In a city of humanoid animals, a hustling theater impresario's attempt to save his theater with a singing competition becomes grander than he anticipates even as its finalists' find that their lives will never be the same.
When the newly crowned Queen Elsa accidentally uses her power to turn things into ice to curse her home in infinite winter, her sister, Anna, teams up with a mountain man, his playful reindeer, and a snowman to change the weather condition.
Moana Waialiki is a sea voyaging enthusiast and the only daughter of a chief in a long line of navigators. When her island's fishermen can't catch any fish and the crops fail, she learns that the demigod Maui caused the blight by stealing the heart of the goddess, Te Fiti. The only way to heal the island is to persuade Maui to return Te Fiti's heart, so Moana sets off on an epic journey across the Pacific. The film is based on stories from Polynesian mythology. Written by
In the October 20, 2014 interview with Huffington Post, director Ron Clements recalls the experience of visiting the islands of the South Pacific to gain artistic and authentic references for the film: "When we visited those islands, John Musker and I were especially interested in meeting people who lived on islands where they had grown up surrounded by an ocean. We wondered how that might affect your point-of-view. And we learned a lot. We learned all kinds of things that we didn't know. We learned how the sea and the land are one and the same. How these people think of the ocean as something that unites the islands, not something that separates them. And then we learned about the great migration and how the people of the Islands take great pride in the fact that their ancient ancestors invented this way of navigation called dead reckoning which involved studying the stars and the currents. And way before the European explorers or the Vikings, these people had this very, very incredibly advanced techniques of navigation." As Clements continued, "So many of these ideas in terms of respect for nature, respect for the ocean and the elements - all of these things - really had a huge influence on us and then began to make their way into this film's story," Ron continued. "Which is why Moana is now the most ambitious thing that John and I have ever attempted. There's definitely an epic aspect to this story. Not to mention huge opportunities for comedy and action and adventure. But at the same time, there's also a key relationship at the very heart of this story. An emotional core that - I think - is especially important with this film. But as it is with any of these things, you just hope that - in the end - you can get it right." See more »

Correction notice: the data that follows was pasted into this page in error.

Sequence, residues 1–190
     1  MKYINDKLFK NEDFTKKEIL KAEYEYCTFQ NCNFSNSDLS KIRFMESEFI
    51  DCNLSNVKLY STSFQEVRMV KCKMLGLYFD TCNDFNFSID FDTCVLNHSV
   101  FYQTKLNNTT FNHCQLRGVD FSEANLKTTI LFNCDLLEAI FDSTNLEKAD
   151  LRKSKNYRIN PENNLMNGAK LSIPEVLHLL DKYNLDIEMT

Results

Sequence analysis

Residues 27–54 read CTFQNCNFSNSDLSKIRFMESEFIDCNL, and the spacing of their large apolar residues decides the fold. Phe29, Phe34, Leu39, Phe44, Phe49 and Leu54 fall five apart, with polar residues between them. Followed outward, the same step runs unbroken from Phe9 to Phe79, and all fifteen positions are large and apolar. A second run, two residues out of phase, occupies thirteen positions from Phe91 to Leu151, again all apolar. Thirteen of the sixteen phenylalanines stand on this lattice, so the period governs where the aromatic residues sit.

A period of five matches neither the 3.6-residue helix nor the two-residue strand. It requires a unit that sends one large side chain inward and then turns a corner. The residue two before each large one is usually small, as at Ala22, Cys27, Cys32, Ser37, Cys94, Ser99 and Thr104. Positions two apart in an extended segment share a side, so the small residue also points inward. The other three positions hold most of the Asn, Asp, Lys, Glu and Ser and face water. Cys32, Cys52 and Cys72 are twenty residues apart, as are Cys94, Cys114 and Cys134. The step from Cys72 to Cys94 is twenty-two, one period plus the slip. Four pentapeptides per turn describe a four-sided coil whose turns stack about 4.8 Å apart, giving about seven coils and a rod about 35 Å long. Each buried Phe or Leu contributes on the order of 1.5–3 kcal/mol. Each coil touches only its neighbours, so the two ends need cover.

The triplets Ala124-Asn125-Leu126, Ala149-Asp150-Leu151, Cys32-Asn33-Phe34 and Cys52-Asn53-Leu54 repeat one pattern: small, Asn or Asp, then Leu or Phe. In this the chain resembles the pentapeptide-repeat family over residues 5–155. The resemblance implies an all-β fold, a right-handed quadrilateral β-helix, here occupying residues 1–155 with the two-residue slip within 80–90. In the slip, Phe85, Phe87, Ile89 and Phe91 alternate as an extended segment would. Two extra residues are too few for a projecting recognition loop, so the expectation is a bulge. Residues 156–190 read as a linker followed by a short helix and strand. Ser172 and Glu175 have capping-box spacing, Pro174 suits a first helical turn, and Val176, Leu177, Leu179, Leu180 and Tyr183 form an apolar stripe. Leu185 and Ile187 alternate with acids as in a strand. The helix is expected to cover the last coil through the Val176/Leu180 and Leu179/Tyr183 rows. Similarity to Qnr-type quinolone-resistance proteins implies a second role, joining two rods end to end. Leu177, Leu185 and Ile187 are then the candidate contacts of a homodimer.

When Maui and Moana argue about whether or not she's a princess, Maui says, "If you wear a dress and you have an animal sidekick, you're a princess." However, in this scene, Moana isn't wearing a dress. She's wearing a crop top and skirt. See more »
In the beginning there was only ocean until the Mother Island emerged. Te Fiti. Her heart held the greatest power ever known. It could create life itself. And Te Fiti shared it with the world. But in time, some began to seek Te Fiti's heart. They believed if they could possess it, the great power of creation would be theirs. And one day, the most daring of them all voyaged across the vast ocean to take it. He was a demi-god of the wind and sea. He was a warrior. A trickster. A ...
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Much like Big Hero 6 the title for the movie does not appear until the ending of the film. See more »
I know that chicken ... I voted for him .... TWICE!
Easily ranks among the best from the Disney Studio, and a very worthy successor to Mulan 1998, a similar story equally well done.
Oddly also seems to be best work ever from Dwayne Johnson, perhaps not the first name I would have associated with "voice acting," but a star turn nonetheless.
If you want to be picky -- which is the reviewer's job, after all -- the momentum slows a little at the top of the third act, but the ultimate themes of redemption, forgiveness and self-discovery at the finale are an absolute joy.
As they used to say, "for children of all ages."
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